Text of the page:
The fixed-asset investment saw a steady recovery, climbing 2.9 percent year on year in 2020, with investment in high-tech industries, healthcare and education surging faster than average.
Affected by the epidemic, retail sales of consumer goods fell 3.9 percent year on year in 2020. The indicator rebounded notably in recent months, rising 4.6 percent year on year in Q4, 3.7 percentage points higher than that in Q3.
Although the data have beat expectations, the NBS cautioned that there are still multiple uncertainties from changing epidemic situations and the external environment, assuring that the country would take further measures to consolidate epidemic control and economic development results.
The World Health Organization chief on Monday lambasted drugmakers’ profits and vaccine inequalities, saying it’s “not right” that younger, healthier adults in wealthy countries get vaccinated against COVID-19 before older people or health care workers in poorer countries and charging that most vaccine makers have targeted locations where “profits are highest.”
Director-General Tedros Adhanom Ghebreyesus kicked off WHO’s week-long executive board meeting — virtually from its headquarters in Geneva — by lamenting that one poor country received a mere 25 vaccine doses while over 39 million doses have been administered in nearly 50 richer nations.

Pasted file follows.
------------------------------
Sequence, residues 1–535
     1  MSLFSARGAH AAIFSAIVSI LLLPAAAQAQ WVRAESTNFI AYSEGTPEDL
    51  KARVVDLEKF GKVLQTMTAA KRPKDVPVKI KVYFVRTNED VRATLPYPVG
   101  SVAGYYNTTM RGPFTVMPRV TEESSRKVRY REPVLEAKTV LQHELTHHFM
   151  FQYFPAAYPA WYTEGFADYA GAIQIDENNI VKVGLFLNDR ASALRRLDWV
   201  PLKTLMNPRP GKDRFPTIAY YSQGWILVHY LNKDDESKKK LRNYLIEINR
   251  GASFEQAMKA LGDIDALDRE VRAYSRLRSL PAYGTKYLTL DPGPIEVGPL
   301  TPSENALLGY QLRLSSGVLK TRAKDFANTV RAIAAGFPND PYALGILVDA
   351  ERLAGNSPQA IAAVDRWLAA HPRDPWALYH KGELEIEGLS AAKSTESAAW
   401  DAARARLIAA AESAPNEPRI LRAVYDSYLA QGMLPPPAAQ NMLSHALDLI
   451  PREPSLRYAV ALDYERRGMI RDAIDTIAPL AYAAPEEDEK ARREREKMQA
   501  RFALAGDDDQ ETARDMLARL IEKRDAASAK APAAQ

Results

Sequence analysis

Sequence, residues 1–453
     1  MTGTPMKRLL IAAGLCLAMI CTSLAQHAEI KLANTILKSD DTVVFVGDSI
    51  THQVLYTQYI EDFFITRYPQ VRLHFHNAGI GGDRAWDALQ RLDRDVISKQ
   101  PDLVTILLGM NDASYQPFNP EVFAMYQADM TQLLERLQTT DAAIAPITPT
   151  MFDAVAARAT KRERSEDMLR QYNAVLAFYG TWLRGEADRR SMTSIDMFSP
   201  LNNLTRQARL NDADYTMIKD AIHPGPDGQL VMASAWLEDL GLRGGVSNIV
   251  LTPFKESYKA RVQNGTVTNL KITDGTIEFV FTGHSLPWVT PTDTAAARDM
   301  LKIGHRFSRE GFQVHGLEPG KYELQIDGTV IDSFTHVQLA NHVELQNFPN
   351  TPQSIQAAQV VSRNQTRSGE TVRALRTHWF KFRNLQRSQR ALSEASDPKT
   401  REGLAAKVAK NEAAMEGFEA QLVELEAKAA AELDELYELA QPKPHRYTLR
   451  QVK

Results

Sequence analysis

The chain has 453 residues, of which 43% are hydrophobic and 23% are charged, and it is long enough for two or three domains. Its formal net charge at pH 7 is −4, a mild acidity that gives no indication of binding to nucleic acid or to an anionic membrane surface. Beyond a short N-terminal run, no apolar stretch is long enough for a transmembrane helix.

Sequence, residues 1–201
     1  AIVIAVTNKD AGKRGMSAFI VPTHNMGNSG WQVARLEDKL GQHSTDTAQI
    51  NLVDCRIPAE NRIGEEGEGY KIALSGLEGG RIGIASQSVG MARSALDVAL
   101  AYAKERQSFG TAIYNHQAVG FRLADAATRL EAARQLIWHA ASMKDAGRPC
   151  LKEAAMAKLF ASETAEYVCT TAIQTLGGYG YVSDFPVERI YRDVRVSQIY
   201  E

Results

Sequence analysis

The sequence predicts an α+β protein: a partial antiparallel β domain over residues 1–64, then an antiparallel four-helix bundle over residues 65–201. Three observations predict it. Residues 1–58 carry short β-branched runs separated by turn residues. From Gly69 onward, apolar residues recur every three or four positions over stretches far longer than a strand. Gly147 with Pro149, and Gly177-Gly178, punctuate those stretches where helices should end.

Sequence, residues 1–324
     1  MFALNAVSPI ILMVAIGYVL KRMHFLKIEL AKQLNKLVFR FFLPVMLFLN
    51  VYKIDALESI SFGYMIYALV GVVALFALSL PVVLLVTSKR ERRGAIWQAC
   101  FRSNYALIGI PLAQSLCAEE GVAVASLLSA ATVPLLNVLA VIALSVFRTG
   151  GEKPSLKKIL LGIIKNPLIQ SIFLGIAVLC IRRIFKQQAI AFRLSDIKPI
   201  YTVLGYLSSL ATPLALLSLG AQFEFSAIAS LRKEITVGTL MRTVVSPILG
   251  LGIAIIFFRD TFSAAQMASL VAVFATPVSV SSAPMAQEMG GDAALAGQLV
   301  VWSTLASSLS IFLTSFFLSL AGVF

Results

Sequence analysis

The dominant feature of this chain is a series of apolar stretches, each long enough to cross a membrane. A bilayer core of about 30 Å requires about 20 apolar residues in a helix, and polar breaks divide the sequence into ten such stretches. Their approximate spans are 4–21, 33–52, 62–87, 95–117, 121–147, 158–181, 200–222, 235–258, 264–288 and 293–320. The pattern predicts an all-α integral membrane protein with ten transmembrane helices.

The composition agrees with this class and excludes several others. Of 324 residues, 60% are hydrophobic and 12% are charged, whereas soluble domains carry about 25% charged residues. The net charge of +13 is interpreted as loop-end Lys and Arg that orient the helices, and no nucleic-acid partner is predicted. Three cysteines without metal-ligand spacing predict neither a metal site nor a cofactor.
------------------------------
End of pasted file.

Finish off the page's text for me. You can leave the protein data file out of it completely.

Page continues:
“Just 25 doses have been given in one lowest income country -- not 25 million, not 25,000 -- just 25. I need to be blunt: The world is on the brink of a catastrophic moral failure,” Tedros said. He did not specify the country, but a WHO spokeswoman identified it as Guinea.
“It’s right that all governments want to prioritize vaccinating their own health workers and older people first,” he said. “But it’s not right that younger, healthier adults in rich countries are vaccinated before health workers and older people in poorer countries. There will be enough vaccine for everyone.”
Tedros, an Ethiopian who goes by his first name, nonetheless hailed the scientific achievement behind rolling out coronavirus vaccines less than a year after the pandemic erupted in China, where a WHO-backed team has now been deployed to look into origins of the coronavirus.
“Vaccines are the shot in the arm we all need, literally and figuratively,” Tedros said. “But we now face the real danger that even as vaccines bring hope to some, they become another brick in the wall of inequality between the worlds of the world’s haves and have-nots.”